The Death of the “Death of Contagion” Central Bank Meme
The Death of the “Death of Contagion” Central Bank Meme by TOM LUONGO
Last year now-former FOMC Chair Janet Yellen downplayed the possibility of another financial crisis. In her hubris she believes the central banks have walled off the financial system from ‘contagion risks’ brought on by over-investment in synthetic derivative market products.
Like generals, however, central planners are always fighting the last war.
We’re experiencing a major correction in the equity markets brought on in a mean-reversion exercise thanks to central banks trying to shore up their defenses around the last battle they lost, namely off-exchange, unregulated CDOs — synthetic debt-based investment products.
Humans are clever and will always find a way around a problem. The problem is incentives. The banks created CDO’s because there was a demand for investment returns far above what the central banks were allowing the market to pay, by setting interest rates well below the real risk profile of the investment community.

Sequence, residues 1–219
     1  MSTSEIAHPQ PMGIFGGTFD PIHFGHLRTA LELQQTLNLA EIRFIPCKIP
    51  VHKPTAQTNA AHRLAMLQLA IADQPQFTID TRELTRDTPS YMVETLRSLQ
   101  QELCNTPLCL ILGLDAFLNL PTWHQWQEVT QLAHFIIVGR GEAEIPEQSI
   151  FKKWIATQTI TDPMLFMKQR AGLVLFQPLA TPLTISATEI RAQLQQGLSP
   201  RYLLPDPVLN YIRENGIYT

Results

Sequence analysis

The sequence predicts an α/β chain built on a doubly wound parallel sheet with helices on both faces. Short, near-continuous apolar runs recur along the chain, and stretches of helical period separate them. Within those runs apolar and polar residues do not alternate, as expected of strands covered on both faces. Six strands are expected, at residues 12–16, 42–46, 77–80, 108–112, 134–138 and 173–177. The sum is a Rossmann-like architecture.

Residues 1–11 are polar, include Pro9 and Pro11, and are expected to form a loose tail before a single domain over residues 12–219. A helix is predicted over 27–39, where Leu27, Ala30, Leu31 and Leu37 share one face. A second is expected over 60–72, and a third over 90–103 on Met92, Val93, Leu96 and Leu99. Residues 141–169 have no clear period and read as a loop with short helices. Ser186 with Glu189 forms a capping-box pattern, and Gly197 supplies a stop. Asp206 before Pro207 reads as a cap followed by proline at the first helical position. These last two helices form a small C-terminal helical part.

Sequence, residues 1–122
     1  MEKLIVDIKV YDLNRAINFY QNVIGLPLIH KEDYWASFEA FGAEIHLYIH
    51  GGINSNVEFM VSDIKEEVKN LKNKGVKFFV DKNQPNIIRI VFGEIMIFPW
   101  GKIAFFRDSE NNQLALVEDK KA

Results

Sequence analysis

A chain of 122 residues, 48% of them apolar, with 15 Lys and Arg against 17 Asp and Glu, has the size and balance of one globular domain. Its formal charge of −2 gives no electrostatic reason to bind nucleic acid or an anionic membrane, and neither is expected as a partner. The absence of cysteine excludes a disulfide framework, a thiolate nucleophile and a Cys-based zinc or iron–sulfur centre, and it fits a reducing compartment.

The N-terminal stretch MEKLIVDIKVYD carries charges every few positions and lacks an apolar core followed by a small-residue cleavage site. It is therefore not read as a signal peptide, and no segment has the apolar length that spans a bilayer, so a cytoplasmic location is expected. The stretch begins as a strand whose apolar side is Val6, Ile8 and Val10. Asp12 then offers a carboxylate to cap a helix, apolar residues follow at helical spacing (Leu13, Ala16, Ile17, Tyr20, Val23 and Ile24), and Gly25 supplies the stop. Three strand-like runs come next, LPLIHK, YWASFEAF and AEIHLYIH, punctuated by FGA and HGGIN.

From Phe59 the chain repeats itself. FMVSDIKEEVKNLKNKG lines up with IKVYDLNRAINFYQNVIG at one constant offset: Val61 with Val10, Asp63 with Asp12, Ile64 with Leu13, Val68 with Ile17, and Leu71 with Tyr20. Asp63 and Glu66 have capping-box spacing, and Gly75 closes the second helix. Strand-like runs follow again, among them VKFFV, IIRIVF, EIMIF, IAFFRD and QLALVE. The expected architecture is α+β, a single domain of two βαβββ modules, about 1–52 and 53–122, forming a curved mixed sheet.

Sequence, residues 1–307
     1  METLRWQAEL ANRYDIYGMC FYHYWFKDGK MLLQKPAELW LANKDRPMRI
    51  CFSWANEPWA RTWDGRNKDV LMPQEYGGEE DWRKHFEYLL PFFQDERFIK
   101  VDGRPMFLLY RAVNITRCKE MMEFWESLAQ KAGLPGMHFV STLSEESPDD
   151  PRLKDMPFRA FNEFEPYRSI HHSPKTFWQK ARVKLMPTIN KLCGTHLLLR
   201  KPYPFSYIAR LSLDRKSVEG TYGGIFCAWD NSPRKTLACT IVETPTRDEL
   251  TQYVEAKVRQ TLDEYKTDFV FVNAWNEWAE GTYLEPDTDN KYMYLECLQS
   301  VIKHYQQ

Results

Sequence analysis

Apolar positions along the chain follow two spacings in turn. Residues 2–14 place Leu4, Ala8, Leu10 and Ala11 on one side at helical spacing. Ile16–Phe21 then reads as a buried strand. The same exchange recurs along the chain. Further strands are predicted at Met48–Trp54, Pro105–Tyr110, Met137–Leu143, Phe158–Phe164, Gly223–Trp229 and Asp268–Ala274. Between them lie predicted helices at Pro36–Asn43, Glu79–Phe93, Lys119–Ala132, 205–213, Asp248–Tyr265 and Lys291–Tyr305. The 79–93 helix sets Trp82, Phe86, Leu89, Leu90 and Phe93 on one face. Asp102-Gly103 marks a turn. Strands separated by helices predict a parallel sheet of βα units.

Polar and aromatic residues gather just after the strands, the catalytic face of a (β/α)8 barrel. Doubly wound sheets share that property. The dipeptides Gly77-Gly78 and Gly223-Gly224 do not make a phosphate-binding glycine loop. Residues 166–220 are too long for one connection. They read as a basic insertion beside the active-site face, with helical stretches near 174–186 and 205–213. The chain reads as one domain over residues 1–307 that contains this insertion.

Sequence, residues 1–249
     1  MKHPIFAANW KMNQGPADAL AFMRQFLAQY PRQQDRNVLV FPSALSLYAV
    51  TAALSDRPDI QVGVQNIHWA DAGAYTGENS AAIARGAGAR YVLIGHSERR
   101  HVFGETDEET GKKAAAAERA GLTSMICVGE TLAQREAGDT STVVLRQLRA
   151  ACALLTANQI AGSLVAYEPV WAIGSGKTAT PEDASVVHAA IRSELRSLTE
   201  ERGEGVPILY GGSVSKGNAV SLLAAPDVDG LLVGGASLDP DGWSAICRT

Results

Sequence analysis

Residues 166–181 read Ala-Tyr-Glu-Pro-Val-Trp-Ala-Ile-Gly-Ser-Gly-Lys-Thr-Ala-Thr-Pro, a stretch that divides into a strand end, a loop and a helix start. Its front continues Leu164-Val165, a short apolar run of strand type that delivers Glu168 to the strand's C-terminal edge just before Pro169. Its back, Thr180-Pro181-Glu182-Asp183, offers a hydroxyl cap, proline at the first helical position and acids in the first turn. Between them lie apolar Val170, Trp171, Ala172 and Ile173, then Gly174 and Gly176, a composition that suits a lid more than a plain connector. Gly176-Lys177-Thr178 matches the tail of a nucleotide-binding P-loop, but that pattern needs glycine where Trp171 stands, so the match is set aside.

In other words, government bonds were over-priced and investors went looking for better returns. Now that Yellen et.al. have stamped out most of that market investors still need yield.
And that’s where the equity markets and the VIX come in.
VIX-ing the Markets
The response to the 2008 financial crisis was zero-bound interest rates and trillions in liquidity created by the central banks sitting around looking for yield. It found its way into the equity markets which over the past six plus years been on an historic rally off the October 2011 low.
During that time the VIX became more important. What was once only discussed by the real pros was now in the hands of everyone. Contagion risks jumped asset classes.
For the uninitiated the VIX — or volatilty index — is a bet about the behavior of the S&P 500, itself an index of stocks. Higher VIX values equal higher implied future volatility in the S&P 500 and vice versa.
In mathematical terms the S&P 500 is the first derivative of any single stock. Stocks in the index trade in sympathy with it regardless of their current business. The VIX is then the 2nd derivative of any stock in your portfolio.